Full Text Available Abstract Background Among mammals living in social groups, individuals form communication networks where they signal their identity and social status, facilitating social interaction. In spite of its importance for understanding of mammalian societies, the coding of individual-related information in the vocal signals of non-primate mammals has been relatively neglected. The present study focuses on the spotted hyena Crocuta crocuta, a social carnivore known for its complex female-dominated society. We investigate if and how the well-known hyena's laugh, also known as the giggle call, encodes information about the emitter. Results By analyzing acoustic structure in both temporal and frequency domains, we show that the hyena's laugh can encode information about age, individual identity and dominant/subordinate status, providing cues to receivers that could enable assessment of the social position of an emitting individual. Conclusions The range of messages encoded in the hyena's laugh is likely to play a role during social interactions. This call, together with other vocalizations and other sensory channels, should ensure an array of communication signals that support the complex social system of the spotted hyena. Experimental studies are now needed to decipher precisely the communication network of this species.
DiBattista, Joseph D; Levesque, Haude M; Moon, Thomas W; Gilmour, Kathleen M
To assess the effects of subordinate social status on digestive function, metabolism, and enzyme activity in salmonid fish, juvenile rainbow trout Oncorhynchus mykiss were paired with size-matched conspecifics (digestive function reflects in large part a lack of feeding. Hepatic phosphoenolpyruvate carboxykinase activity was significantly higher in subordinate fish relative to dominants, whereas subordinate hepatic pyruvate kinase activity was significantly lower; activities of both enzymes were significantly correlated with plasma cortisol concentrations and behavior scores. Dominant-subordinate differences in the activities of these enzymes were eliminated by administration of the glucocorticoid receptor antagonist RU486, underlining a role for circulating cortisol in eliciting the differences. Significant increases relative to control fish were also detected in red and white muscles from subordinate fish in the activities of protein catabolic enzymes (aspartate aminotransferase, alanine aminotransferase, glutamate dehydrogenase). These differences occurred in the absence of any change in plasma free amino acid or ammonia concentrations, supporting an enhanced turnover of amino acids in muscle in subordinate fish. The results support the hypothesis that changes in metabolism, beyond those elicited by low food consumption, may be responsible at least in part for the low growth rates typical of subordinate fish and that these changes may be related specifically to circulating cortisol levels in subordinate fish.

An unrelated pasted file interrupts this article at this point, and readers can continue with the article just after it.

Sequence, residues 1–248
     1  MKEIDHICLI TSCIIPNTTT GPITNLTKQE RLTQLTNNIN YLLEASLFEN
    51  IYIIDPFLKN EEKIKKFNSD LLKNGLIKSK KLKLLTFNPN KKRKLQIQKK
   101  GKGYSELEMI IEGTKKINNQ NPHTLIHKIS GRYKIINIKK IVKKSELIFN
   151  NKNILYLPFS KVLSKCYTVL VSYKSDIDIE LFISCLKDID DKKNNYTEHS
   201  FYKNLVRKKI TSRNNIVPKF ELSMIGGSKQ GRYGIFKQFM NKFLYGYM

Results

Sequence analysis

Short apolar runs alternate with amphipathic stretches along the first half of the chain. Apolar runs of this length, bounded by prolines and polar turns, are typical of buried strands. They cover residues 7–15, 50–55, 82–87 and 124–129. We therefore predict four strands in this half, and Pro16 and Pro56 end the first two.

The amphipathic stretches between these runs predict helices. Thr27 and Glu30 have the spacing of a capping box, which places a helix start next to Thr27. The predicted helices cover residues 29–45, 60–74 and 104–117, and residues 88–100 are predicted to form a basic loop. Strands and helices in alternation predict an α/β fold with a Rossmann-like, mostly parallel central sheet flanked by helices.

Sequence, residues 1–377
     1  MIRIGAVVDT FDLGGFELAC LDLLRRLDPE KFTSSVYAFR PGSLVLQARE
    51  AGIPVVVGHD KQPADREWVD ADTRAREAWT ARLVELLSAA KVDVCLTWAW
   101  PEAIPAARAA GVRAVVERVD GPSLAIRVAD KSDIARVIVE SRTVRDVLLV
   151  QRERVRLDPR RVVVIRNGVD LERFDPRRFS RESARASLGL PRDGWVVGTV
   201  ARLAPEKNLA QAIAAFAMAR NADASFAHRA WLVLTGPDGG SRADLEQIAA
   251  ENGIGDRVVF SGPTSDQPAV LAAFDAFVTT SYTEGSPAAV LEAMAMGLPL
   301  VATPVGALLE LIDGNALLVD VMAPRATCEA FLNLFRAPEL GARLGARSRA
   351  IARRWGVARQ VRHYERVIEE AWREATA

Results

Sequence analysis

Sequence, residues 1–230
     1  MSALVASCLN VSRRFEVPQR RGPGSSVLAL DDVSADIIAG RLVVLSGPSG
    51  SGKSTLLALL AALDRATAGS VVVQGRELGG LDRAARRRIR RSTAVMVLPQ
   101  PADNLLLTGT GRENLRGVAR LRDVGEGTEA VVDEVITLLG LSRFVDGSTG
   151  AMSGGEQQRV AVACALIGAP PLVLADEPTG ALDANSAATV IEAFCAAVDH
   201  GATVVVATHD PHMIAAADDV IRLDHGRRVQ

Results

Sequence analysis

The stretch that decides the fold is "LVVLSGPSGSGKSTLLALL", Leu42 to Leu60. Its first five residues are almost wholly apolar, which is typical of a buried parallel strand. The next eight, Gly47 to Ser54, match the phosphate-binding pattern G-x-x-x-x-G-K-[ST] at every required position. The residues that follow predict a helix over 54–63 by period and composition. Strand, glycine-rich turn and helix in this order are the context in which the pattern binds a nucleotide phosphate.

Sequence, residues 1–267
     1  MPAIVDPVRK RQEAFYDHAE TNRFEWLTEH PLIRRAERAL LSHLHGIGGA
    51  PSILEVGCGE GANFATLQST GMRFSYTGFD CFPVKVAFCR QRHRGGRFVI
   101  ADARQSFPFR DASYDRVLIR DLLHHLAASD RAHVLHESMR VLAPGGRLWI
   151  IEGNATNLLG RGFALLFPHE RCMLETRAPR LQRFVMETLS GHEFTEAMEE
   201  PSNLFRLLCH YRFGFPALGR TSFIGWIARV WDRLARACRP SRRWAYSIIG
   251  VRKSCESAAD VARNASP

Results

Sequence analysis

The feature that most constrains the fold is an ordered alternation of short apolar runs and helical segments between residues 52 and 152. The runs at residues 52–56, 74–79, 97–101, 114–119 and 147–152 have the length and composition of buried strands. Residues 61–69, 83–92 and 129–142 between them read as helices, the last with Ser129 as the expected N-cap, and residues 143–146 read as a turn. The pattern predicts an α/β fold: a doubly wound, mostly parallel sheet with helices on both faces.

Qiao, Xufeng; Yan, Yating; Wu, Ruiyong; Tai, Fadao; Hao, Ping; Cao, Yan; Wang, Jianli
The dominant-subordinate hierarchy in animals often needs to be established via agonistic encounters and consequently affects reproduction and survival. Differences in brain neuropeptides and sociality among dominant and subordinate males and females remain poorly understood. Here we explore neuropeptide levels and sociality during agonistic encounter tests in mandarin voles. We found that dominant mandarin voles engaged in higher levels of approaching, investigating, self-grooming and exploring behavior than subordinates. Dominant males habituated better to a stimulus vole than dominant females. Dominant males displayed significantly less oxytocin-immunoreactive neurons in the paraventricular nuclei and more vasopressin-immunoreactive neurons in the paraventricular nuclei, supraoptic nuclei, and the lateral and anterior hypothalamus than subordinates. Dominant females displayed significantly more vasopressin-immunoreactive neurons in the lateral hypothalamus and anterior hypothalamus than subordinates. Sex differences were found in the level of oxytocin and vasopressin. These results indicate that distinct parameters related to central nervous oxytocin and vasopressin are associated with behaviors during agonistic encounters in a sex-specific manner in mandarin voles.